The idea that midwives and medical men fought for control of childbirth in the eighteenth century has long been viewed as a part of the history of midwifery. It is an idea that has been accepted implicitly by most writers on the subject, even those who have warned that it might be an over-simpliﬁcation.1 Originating from very different social backgrounds, the two groups operated from within radically different knowledge bases and drew on unique bodies of experience that overlapped less than might be supposed.
|Title of host publication||New Directions in Nursing History|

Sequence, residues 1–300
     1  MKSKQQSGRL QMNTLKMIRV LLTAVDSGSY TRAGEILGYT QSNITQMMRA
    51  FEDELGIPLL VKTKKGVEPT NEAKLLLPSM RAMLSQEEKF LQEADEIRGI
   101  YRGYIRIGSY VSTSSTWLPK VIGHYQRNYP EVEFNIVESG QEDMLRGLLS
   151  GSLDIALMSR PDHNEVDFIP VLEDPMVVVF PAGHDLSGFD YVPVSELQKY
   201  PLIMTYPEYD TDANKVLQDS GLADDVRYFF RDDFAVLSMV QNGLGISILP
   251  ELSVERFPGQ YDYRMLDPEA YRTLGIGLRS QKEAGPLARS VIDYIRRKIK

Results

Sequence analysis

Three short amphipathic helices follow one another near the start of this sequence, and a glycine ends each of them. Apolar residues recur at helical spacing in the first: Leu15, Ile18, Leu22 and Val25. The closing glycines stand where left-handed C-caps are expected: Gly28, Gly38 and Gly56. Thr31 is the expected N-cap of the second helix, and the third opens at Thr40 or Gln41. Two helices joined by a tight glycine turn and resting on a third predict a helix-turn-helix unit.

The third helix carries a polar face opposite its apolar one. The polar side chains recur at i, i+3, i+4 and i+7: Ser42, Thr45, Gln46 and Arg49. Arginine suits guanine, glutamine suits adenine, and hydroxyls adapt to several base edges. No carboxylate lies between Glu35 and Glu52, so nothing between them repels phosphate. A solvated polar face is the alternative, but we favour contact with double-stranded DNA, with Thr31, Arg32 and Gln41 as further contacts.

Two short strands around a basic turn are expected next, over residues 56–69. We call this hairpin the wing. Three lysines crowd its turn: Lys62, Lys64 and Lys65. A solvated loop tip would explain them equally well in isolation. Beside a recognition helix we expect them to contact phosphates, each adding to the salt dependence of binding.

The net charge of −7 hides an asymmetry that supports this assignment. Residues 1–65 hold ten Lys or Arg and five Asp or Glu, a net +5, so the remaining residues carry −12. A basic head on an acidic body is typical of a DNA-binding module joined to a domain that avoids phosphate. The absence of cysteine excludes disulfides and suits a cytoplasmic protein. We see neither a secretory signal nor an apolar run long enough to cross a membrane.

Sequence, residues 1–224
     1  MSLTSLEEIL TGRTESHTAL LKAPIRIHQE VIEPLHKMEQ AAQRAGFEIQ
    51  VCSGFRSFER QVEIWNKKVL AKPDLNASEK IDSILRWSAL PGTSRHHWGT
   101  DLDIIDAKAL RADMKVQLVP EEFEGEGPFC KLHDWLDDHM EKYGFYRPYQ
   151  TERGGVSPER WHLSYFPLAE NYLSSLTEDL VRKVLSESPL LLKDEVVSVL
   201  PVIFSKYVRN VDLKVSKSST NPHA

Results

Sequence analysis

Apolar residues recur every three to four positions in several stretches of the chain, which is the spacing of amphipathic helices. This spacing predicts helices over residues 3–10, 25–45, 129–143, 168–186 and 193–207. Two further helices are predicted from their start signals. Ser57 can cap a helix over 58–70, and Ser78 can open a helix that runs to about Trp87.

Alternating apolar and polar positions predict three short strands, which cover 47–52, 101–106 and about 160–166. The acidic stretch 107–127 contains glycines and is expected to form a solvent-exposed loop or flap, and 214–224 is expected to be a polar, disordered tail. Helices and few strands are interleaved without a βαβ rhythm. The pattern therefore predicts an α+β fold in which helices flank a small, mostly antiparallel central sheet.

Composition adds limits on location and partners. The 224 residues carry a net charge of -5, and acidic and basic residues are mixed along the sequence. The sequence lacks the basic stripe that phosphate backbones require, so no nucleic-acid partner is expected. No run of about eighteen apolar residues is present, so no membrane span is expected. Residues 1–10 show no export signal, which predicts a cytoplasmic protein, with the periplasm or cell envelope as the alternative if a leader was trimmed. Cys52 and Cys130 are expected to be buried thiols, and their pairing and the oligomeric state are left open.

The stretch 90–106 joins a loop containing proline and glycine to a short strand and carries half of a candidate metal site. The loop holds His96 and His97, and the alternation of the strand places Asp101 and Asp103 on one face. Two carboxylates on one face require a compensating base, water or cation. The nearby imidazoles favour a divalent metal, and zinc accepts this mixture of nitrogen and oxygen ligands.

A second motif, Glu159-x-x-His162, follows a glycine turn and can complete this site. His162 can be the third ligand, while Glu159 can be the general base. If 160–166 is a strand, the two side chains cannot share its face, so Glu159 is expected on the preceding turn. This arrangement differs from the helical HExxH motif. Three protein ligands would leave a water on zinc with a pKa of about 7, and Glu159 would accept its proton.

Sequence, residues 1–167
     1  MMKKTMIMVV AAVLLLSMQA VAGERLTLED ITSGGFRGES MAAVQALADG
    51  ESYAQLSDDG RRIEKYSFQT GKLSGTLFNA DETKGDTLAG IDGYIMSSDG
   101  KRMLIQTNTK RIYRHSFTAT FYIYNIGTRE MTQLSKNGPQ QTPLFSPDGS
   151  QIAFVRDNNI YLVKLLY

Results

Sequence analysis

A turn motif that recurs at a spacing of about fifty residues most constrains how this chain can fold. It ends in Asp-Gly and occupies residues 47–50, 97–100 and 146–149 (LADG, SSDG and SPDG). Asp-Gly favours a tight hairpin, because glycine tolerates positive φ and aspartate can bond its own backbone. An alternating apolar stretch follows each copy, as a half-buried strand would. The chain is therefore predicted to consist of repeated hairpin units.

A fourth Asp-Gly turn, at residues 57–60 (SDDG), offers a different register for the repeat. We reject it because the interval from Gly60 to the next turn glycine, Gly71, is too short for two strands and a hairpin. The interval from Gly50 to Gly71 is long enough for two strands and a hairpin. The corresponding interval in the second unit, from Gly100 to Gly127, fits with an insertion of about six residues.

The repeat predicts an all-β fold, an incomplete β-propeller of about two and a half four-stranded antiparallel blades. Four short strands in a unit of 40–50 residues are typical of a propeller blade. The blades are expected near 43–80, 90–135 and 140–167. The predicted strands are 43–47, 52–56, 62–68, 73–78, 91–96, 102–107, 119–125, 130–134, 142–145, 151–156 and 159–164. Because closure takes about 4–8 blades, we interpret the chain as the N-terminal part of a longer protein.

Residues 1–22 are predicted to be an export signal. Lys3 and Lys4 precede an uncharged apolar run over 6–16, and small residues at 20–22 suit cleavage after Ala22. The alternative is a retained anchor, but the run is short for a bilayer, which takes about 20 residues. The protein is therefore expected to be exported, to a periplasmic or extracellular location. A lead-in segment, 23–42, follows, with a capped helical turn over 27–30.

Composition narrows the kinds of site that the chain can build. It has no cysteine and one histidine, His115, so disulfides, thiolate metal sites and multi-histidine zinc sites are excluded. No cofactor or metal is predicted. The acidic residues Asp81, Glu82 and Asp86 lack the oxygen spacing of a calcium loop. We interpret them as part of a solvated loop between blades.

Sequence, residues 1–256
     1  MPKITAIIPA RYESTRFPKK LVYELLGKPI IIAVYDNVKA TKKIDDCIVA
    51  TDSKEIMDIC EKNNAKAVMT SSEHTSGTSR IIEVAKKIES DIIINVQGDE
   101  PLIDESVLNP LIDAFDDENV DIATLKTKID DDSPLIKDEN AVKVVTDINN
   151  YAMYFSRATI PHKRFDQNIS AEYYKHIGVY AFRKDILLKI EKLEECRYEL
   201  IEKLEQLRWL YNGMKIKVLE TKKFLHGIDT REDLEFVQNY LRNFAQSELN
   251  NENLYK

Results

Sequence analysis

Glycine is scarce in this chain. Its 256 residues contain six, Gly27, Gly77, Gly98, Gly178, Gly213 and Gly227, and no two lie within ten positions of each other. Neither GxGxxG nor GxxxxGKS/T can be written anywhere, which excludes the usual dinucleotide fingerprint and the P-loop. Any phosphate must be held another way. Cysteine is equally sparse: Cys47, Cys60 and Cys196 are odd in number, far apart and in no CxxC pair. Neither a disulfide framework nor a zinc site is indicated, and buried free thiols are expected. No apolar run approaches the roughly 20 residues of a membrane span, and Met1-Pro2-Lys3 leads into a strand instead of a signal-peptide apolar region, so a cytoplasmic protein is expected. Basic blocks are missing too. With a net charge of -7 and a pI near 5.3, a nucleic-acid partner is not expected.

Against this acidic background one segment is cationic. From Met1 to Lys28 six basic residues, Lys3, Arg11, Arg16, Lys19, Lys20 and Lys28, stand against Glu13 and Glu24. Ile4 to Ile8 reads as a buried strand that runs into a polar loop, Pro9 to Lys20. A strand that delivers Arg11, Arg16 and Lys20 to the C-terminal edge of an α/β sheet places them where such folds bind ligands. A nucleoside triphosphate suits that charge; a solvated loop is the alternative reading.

|Subtitle of host publication||International Perspectives|
|Publisher||Routledge, Taylor & Francis Group|
|Number of pages||13|
|ISBN (Print)||0203403630, 9780203403631|
|Publication status||Published - 19 Dec 2004|
Hallett, C. E. (2004). Puerperal fever as a source of conflict between midwives and medical men in eighteenthand early nineteenth-century Britain. In New Directions in Nursing History: International Perspectives (pp. 55-67). Routledge, Taylor & Francis Group. https://doi.org/10.4324/9780203403631